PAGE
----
The pacing of the first and final thirds of the book are much more rapid and focused on moving the plot forward, where the middle of this novel is mostly (gorgeous, swoon-worthy) worldbuilding. Again, the author must be commended because it’s some of the most exquisite and captivating worldbuilding I’ve ever read, and it truly is written for those of us who have been introduced to fantasy worlds of fictional vampires in various other tales, but it doesn’t feel as though much is happening to progress the mysteries we become most invested in. Also, we are set up with expectations of very specific issues, themes, and relationships, but the ending takes a turn that shocks but feels a bit out of left field. It is thrilling to read nonetheless, and I would likely pick up the next book in the series to find out where in this unexpected universe Ava will find herself. The final line of this novel is also incredibly cool, opening up many unpredictable possibilities and setting up an electrifying sequel.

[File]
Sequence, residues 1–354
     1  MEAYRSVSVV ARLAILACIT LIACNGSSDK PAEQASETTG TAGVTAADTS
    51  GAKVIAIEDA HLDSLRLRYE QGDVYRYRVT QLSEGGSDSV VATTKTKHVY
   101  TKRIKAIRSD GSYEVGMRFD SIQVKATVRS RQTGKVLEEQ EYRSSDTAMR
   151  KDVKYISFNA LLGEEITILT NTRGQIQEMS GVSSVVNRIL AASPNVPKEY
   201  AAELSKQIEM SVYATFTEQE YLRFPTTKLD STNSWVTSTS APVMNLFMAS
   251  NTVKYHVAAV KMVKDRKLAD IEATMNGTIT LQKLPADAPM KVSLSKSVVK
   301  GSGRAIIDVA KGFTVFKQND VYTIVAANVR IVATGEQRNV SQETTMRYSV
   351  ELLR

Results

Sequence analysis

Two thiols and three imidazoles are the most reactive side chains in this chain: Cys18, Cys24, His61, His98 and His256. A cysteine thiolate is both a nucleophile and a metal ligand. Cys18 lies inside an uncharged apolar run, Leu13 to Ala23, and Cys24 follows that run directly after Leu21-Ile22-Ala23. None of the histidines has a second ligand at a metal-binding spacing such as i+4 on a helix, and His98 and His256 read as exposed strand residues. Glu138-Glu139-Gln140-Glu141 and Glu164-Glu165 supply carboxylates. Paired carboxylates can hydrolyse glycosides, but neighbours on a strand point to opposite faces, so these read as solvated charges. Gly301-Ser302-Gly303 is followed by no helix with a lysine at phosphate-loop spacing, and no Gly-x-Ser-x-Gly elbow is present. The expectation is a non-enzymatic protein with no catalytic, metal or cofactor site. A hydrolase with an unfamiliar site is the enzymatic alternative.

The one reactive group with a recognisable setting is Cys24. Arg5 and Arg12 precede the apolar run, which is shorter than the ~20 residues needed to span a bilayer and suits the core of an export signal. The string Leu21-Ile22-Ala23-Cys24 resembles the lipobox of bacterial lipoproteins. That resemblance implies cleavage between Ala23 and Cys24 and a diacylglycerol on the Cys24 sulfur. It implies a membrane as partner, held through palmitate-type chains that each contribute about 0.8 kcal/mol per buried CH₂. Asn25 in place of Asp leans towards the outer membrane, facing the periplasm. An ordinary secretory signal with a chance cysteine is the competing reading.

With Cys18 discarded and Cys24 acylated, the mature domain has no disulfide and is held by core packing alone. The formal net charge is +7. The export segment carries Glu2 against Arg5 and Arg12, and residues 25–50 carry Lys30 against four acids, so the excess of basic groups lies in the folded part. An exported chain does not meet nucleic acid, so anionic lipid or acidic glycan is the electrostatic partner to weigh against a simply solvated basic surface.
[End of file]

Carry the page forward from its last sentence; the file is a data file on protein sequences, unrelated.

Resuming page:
Content warnings are necessary for murder, drugging, assault, kidnapping, torture of humans, mild drink and drug use, and of course vampire shenanigans like neck breaking and blood sucking (The phrase “A sound like teeth biting into a crisp apple sounded over pleas, then muffled screams” comes to mind!).
I would recommend The Eternal Heir to readers who enjoy the kind of worldbuilding that feels like it’s happening right before your eyes. The Eternal Heir will be especially fun if you have read other fantasy books where people suddenly find themselves in a world they know a lot about but didn’t know was real (some parts of Ava and her experience reminded me of Clary Fray of The Mortal Instruents series). Anyone who likes vampire TV will be thoroughly entertained by this spellbinding story.